Browsing by Subject "Respiratory symptoms"

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  • Savelieva, Kateryna; Marttila, Tero; Lampi, Jussi; Ung-Lanki, Sari; Elovainio, Marko; Pekkanen, Juha (BioMed Central, 2019)
    Abstract Background The associations between indoor environmental quality (IEQ) in homes and symptom reporting of children have been extensively studied, but only few large-scale studies have been done in schools. We examined associations between expert-assessed IEQ in schools and pupils’ reporting of different symptoms, and whether associations were stronger if participants relate symptoms to the school environment. Methods The questionnaire survey was done in all primary and secondary schools in two areas of Helsinki, Finland. Primary school pupils (grade 3–6, n = 8775, 99 school-buildings) and secondary school pupils (grade 7–9, n = 3410, 30 school-buildings) reported their symptoms. Symptoms were combined into respiratory, lower respiratory, eye, skin, and general symptom groups. Surveys were also done among the parents of the primary school pupils (grade 1–6, n = 3540, 88 school buildings), but results are reported only in the supplement due to the low response rate (20% in 2017 and 13% in 2018). The associations between IEQ and symptoms were analyzed using multilevel logistic regression analysis. Results Several of the IEQ indicators were highly correlated and indicators were therefore mainly analyzed by combining them into a summary score and into latent classes. Dose-response associations were found between IEQ problems and higher reporting of respiratory and general symptoms among both primary and secondary school pupils. Some associations were also observed with lower respiratory and skin symptoms, but not with eye symptoms. The associations were somewhat stronger with symptoms related to the school environment compared to symptoms reported without such relation: for a unit change in IEQ summary score and respiratory symptoms in primary schools, odds ratios were 1.07 (95% CI 1.02–1.06) and 1.04 (95% CI 1.04–1.10), and in secondary schools 1.09 (95% CI 1.01–1.09) and 1.05 (95% CI 1.02–1.17), respectively. Conclusions Expert-assessed IEQ problems in schools were associated with increased reporting of especially respiratory and general symptoms. The associations were only somewhat stronger in magnitude for symptoms reported in relation to the school environment compared to symptoms reported without such relation.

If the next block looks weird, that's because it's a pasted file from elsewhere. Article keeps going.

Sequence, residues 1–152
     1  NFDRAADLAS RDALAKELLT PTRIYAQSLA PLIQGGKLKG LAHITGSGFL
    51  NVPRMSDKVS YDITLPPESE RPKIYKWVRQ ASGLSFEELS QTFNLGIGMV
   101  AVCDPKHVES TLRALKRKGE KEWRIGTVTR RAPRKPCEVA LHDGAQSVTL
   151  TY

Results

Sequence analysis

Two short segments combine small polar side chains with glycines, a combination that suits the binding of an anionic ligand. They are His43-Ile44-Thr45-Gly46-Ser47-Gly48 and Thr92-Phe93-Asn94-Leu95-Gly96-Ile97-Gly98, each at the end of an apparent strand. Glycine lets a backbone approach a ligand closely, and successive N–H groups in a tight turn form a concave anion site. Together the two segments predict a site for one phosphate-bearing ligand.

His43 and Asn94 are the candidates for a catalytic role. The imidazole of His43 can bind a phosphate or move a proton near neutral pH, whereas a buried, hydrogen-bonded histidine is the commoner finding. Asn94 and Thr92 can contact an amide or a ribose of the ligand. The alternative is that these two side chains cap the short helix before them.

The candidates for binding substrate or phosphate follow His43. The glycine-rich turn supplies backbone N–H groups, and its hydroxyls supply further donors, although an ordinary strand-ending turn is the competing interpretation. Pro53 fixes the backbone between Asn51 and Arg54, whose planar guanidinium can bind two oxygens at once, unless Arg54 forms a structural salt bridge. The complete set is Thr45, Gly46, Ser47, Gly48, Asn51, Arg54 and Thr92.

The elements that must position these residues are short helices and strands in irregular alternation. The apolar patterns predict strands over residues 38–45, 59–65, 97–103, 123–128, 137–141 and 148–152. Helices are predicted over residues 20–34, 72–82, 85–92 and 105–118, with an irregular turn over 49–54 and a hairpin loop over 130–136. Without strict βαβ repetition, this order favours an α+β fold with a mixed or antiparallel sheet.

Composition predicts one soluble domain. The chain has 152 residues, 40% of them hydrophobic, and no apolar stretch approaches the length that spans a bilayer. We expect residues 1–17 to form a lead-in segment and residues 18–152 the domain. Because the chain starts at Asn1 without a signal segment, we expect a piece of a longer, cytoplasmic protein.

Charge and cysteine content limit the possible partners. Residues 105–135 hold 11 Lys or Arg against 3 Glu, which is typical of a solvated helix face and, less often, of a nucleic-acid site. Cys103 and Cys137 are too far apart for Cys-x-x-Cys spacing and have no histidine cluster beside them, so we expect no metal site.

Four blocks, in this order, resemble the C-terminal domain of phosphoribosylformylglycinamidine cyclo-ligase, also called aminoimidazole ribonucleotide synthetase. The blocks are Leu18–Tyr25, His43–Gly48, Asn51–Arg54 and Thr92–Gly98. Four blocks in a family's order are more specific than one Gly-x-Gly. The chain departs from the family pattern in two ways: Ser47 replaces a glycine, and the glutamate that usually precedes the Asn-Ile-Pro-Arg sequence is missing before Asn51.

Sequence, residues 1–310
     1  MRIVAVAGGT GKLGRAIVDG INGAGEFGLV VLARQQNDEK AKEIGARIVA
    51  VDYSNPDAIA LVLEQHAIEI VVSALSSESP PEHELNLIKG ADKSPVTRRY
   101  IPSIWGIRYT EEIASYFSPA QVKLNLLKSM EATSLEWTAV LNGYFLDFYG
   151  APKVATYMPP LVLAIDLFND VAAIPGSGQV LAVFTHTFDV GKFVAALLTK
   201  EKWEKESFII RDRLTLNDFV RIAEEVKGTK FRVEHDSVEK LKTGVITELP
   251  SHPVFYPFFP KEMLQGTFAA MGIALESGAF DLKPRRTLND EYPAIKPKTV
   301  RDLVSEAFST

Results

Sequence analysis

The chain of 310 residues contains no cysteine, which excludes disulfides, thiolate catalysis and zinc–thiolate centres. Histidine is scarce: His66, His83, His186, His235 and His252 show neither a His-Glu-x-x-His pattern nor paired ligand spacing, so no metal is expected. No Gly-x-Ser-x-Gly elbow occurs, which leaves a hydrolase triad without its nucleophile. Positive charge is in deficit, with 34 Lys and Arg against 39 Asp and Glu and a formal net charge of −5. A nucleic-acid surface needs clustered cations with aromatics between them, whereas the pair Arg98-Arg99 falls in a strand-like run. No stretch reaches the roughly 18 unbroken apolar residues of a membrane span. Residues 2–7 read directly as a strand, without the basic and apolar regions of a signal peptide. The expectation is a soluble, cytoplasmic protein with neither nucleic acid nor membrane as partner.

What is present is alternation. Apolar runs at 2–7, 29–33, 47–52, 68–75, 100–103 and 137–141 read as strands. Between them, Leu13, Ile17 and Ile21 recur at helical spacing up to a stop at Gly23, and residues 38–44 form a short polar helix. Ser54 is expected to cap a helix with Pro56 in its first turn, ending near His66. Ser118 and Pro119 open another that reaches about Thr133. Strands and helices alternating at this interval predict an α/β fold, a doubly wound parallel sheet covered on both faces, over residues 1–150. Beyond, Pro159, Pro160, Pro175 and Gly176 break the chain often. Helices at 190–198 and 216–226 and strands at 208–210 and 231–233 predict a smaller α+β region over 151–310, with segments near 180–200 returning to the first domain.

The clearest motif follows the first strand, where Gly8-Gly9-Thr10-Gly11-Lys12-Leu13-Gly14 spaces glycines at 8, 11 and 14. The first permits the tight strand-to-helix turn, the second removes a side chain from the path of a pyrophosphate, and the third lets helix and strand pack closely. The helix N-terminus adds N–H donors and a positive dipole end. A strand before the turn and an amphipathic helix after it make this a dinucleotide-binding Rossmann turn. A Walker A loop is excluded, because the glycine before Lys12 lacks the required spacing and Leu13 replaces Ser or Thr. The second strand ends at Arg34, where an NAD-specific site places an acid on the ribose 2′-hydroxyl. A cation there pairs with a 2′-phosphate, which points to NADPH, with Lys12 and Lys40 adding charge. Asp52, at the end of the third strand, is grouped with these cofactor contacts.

• Savelieva, Kateryna; Marttila, Tero; Lampi, Jussi; Ung-Lanki, Sari; Elovainio, Marko; Pekkanen, Juha (2019)
  • Päivinen, Marja; Keskinen, Kari; Putus, Tuula; Kujala, Urho M.; Kalliokoski, Pentti; Tikkanen, Heikki O. (2021)
    Background Respiratory symptoms are common in competitive swimmers. However, among these and in swimmers at other activity levels the swimming distance, the total spent time in swimming halls and their medical background varies. Our objectives were, first, to assess their medical histories and the associations with respiratory symptoms among swimmers in different activity groups and then second, to study the pulmonary function findings and related medications in competitive swimmers who exercise in swimming hall environments the most. Methods First, 1118 participants consisting of 133 competitive-, 734 fitness- and 251 occasional swimmers answered questionnaires concerning their medical background, their respiratory symptoms in connection to swimming distance and their amount of time spent in swimming halls. Secondly, in 130 competitive swimmers, pulmonary function was tested by spirometry and a specific questionnaire was used to assess respiratory symptoms, medical histories and prescribed medication. Results Respiratory symptoms were reported by 18% of the studied swimmers. Competitive swimmers had significantly more symptoms than fitness- and occasional swimmers. Naturally competitive swimmers swum more than 2000 m and stayed by the pool more than 90 min, longer than the other activity groups of swimmers. Spirometry testing showed airway obstruction in 15 swimmers, which was 12% of the 130 competitive swimmers. 21 of them, had physician-diagnosed asthma and 16 of these individuals had prescribed medication for it. Conclusions Competitive swimmers had the highest swimming hall exposure and reported significantly more respiratory symptoms. A high prevalence of airway obstruction findings in competitive swimmers with asthma and allergies suggests a need for future recommendations for regular testing and special medical care for competitive swimmers.